As of this writing, the NBA’s Feb. 6 trade deadline is just two weeks away.
Two weeks of rampant speculation about where the Grizzlies will send Andre Iguodala, who is basically being paid $17 million to stay away from the team.
I made that sound worse than it is. By all accounts, Iguodala’s absence was what everyone wanted. The Grizzlies wanted to develop young talent and Iguodala’s minutes would have been limited. Iguodala, near the end of his career, wanted either a buyout or trade to an obvious championship contender, presumably in Los Angeles. There’s no bad blood there.
And the Grizzlies have remained resolute about what they would want in return for Iguodala: some mix of draft picks and young talent. But after Tradepocalypse 2019, the landscape was shuffled. Championship contenders like the Lakers or Clipper either don’t have the assets Memphis would want, or won’t give up what Memphis would ask for.
Meanwhile, all the Grizzlies have done is gel into a fun, fast-paced, dynamic team with all signs pointing to the 2020s being the Decade of Ja. That this transformation has happened so quickly has made it impossible to ignore what now should be an obvious question:
Should the Grizzlies trade Iguodala at all? Should they trade anyone at all?
The answer is not so obvious. The going logic is that you trade Iguodala to get more assets to build with, instead of him walking away at season’s end. Back when we were all expecting this rebuild to take at least four years, the logic was that Jae Crowder, Solomon Hill and their expiring contracts would be trade fodder for this season – to accrue still more assets.
But chemistry is a finicky thing. Many a talented team has been derailed by bad team chemistry, and even more have fallen short of their potential because of mediocre team chemistry. Sometimes, players have value beyond the on-court production ¬– “good locker room guys” help hold teams together.
So when the Grizzlies have THIS much chemistry, THIS soon, with THIS roster showing nothing but upside halfway through the first season of this rebuild . . . why would you mess with that?
I’m betting the Grizzlies front office won’t. While Ja Morant is the on-court rookie prodigy, there are prodigies up and down the organization, including Taylor Jenkins and Zach Kleiman. If Kleiman and his team was smart enough to put this roster together, I have to believe his team is smart enough not to disrupt it by adding or subtracting players just as they’re rolling.
But the Grizzlies sudden rise also brings with it unexpected pressing questions. Namely: Can you pay to keep the team together?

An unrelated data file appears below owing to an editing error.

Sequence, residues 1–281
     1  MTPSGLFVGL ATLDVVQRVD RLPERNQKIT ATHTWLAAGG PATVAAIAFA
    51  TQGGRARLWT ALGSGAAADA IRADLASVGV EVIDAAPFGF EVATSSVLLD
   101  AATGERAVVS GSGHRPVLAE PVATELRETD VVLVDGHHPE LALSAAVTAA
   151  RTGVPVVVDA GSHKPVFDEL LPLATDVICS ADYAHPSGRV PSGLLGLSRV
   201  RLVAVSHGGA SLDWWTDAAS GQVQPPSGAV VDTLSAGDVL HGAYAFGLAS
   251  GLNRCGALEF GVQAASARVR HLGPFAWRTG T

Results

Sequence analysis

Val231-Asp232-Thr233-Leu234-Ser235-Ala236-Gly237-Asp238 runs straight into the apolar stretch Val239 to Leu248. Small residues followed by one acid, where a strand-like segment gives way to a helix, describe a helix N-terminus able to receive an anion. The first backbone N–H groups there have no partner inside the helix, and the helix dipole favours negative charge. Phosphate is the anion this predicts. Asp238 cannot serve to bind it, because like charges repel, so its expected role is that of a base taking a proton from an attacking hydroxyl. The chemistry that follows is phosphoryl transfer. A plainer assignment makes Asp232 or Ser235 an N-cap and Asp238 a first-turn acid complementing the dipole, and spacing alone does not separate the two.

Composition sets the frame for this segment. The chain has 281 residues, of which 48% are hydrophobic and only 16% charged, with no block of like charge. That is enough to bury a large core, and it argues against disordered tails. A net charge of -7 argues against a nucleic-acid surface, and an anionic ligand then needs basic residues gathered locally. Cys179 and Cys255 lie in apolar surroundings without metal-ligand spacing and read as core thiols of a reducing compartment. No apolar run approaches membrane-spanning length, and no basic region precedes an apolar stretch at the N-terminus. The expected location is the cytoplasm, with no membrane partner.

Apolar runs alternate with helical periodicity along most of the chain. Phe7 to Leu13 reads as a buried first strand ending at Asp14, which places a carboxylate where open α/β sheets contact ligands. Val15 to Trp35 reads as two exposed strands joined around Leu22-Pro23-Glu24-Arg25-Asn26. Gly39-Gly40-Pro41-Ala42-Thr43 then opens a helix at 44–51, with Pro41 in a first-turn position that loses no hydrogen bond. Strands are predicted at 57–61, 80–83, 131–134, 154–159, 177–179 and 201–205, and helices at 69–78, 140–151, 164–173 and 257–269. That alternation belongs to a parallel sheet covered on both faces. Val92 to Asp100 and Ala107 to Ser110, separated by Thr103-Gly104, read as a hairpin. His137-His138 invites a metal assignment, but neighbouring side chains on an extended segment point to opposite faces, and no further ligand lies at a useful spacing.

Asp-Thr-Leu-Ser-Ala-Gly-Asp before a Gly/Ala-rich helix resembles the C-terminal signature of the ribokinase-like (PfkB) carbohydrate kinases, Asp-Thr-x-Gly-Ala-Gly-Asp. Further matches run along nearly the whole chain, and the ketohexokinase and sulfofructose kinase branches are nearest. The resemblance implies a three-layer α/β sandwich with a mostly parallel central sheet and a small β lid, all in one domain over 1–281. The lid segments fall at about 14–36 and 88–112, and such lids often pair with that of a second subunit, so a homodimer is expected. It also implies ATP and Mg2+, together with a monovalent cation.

As mentioned, Crowder ($7.8 million) and Hill ($13.3 million) are unrestricted free agents. Dillon Brooks is also at the end of his rookie deal. As is midseason reserve star De’Anthony Melton. Bruno Caboclo too. In other words, at least four rotation players – including two starters and two key reserves – will be on the market next offseason.
Brooks, who has morphed into a reliable defender and scorer, is certainly looking to cash in somewhere after making $1.6 million this season. Crowder is likely to have his choice of championship contenders looking for his tough, rugged 3-and-D production as a role player. If only the Grizzlies had some cap room. . .
Cap room they will have, if they keep Iguodala and allow his $17 million contract to expire. Add in the expiring contracts of Avery Bradley ($2 million), Dwight Howard ($3 million) and Josh Jackson ($7 million), and it’s no wonder that the team’s guaranteed payroll would drop from $125 million this season to just $48 million in July. It’s kind of genius that they’ll get that much cap relief from guys who never put on a jersey this season.
That would give Memphis plenty of financial flexibility to keep Crowder, Brooks, Hill and Melton, if they choose to – to keep the team together. Of those four, I think Crowder and Brooks are more essential, but if any of them are not in Memphis next season, it won’t be because the Grizzlies couldn’t afford to keep them.
Which brings us back to Iguodala. If it makes sense to keep him, does it make sense to play him? Could you invite him to join the roster for a playoff push? I’m known for my sunny optimism, but it’s hard for me to see a downside there, either.
Can you imagine adding a former Finals MVP championship savvy, solid defense and cerebral play to this mix? I know I’m a hypocrite given everything I just wrote about chemistry, but in Iguodala’s case I think it’s win-win.
I think all the young cubs, especially Morant and Jackson, would devour Iguodala’s veteran savvy, and specifically his insights into what it takes to win multiple championships. It would give Taylor Jenkins a puncher’s chance of pulling off an upset in a presumed first round playoff series.
As for Iguodala, who could retire a happy and wealthy man at any point, were he to join the team, it could show he still has game, and that he’s able to both produce and accept a reduced role – both critical if he hopes to play in the NBA again.
In any case, here we are: Not even a full season into the rebuild and having to entertain serious questions about how to keep the team together in the offseason. I guess everything else about this team has happened quickly; why not this?